Hello! This has been a long time coming, and I’m happy to welcome you to my new home on the internet, tracichee.com. I’ve got a lot of exciting things to share, so please settle in, take a look around, and join the conversation!
FIRST NEW NEWS
I have an agent!
I’m now represented by the incomparable Barbara Poelle, literary agent extraordinaire and all-around gloriously talented badass. She’s VP at the Irene Goodman Literary Agency and represents incredible authors like Lauren DeStefano and Renée Ahdieh. Also I am pretty sure that when she rides into the office on Monday mornings, she looks something like this:
In case you’re wondering, yes, she’s riding a dragon. Because she’s that awesome.
I am so lucky and so grateful to be working with such an amazing agent, and I’m excited to tell you how it all went down, so here’s the story of How I Got My Agent, separated into episodes for easy digestibility.
EPISODE ONE: THE QUERY TRENCHES
In June 2013, I began work on a book I’d been wanting to write for three years. It took me about eleven months to finish, and I started querying it on April 21, 2014. The manuscript was 121,000 words at the time, which I, oh naïve little thing that I was, thought was fine. As I soon found out, it was not. In about two months, I sent out 23 queries, racking up one request for the full manuscript, three requests for part of the manuscript (also known as partials), and 18 rejections, most of them form rejections that offered little guidance on what I could do better.
This was not what I’d hoped for.
So I kept working. While the rejections trickled in with agonizing sluggishness, I got help with my query.
I submitted to Query Drill, which is an online resource run by slush pile interns who read queries every day. The great thing about Query Drill is that they’ll not only tell you what they’d do (full request, partial request, or rejection), they’ll also give you a brief paragraph on their reasons, which is invaluable when all you’re getting are form rejections.
I also entered a query critique giveaway by YA authors Adam Silvera and Jasmine Warga, who agreed to read and critique my query if I followed them on Twitter. They’re both agented with books coming out in 2015, so they’ve been through the wringer themselves and have a lot of insight into what makes a good query.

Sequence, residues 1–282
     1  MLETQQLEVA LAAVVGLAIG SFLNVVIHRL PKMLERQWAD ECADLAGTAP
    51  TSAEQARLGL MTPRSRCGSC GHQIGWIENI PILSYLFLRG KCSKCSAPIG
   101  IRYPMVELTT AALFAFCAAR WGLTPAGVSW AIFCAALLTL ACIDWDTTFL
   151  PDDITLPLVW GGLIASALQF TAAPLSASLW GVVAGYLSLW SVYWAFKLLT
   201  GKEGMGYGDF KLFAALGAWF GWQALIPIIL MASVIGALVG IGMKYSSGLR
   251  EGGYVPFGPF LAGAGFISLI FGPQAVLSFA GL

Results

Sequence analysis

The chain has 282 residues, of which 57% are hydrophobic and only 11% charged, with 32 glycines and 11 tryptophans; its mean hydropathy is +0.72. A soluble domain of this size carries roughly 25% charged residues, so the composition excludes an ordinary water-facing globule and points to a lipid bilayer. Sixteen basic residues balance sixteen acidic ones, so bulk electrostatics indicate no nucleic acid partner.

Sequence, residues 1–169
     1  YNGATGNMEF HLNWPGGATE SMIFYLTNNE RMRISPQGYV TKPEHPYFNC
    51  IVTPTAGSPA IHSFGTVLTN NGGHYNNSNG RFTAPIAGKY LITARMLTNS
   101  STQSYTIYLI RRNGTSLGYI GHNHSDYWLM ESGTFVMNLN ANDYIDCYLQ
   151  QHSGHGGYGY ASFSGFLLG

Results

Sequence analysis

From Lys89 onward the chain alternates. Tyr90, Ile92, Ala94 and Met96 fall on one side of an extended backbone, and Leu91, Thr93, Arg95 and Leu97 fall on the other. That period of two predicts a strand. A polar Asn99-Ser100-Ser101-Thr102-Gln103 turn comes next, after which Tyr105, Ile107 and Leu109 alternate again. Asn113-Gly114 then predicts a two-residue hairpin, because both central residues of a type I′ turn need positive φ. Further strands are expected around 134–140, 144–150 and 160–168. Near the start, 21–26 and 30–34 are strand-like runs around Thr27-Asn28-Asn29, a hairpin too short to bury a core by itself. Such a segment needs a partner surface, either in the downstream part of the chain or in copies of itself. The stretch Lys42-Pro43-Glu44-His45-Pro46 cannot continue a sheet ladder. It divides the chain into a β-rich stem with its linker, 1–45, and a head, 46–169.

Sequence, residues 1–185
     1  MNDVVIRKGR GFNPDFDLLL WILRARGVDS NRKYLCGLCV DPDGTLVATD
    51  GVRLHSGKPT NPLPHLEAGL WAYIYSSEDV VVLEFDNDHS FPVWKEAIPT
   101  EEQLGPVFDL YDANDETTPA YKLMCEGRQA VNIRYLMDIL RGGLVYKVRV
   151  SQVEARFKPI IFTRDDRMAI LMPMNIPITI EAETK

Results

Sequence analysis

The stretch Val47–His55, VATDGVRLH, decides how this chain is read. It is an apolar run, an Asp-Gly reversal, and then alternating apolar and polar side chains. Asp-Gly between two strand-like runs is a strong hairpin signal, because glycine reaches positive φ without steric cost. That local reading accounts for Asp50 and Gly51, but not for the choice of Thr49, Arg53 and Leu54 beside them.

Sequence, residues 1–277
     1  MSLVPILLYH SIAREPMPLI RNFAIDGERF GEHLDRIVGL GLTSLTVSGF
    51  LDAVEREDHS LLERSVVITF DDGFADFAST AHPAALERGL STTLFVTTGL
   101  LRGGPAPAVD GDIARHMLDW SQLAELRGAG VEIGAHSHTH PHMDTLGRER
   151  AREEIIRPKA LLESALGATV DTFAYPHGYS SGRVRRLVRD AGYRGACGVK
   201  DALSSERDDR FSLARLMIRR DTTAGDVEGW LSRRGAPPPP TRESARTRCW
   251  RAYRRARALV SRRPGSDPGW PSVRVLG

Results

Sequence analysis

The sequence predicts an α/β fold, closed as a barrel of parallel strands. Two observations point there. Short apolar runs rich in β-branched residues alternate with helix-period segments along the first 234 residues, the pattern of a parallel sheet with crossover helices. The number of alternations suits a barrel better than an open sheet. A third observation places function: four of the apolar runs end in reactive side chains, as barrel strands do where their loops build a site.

Finally, I asked for help from a literary agent I know. She doesn’t represent my genre, but she asked some of her fellow agents for tips and tricks and gave me some great ideas for how to make my query punchier and more concise.
Every single one of these people told me that the word count was too high.
So I kept working. In mid-July, I stopped querying altogether, buckled down, and set out to cut 21,000 words from my manuscript. During this time, I learned that Pitch Wars, an online pitching contest for aspiring novelists, was starting in September.
Hosted by the inimitable Brenda Drake, Pitch Wars is an online contest in which industry insiders (published/agented authors, editors, interns) choose one writer each to mentor for a period of two months, during which time they hack, slash, burn, revise, rewrite, and regrow their manuscript until it’s pretty-as-a-picture. During those two months, the mentors also work with their writers to spit-shine their pitches and first pages for the agent round, when a whole slew of agents traipse by, making requests.
I’d been wanting to enter Pitch Wars for over a year, because unlike many pitch contests I’ve seen, this one isn’t just about getting your pitch in front of agents, it’s also about getting better as a writer. So I cut down my word count to 107,000 words, squeezed in under the deadline, and alongside over 1,200 other aspiring authors, I waited for two long weeks to see who the mentors had chosen…
Go here for the SECOND NEW NEWS and the conclusion of my “How I Got My Agent” story!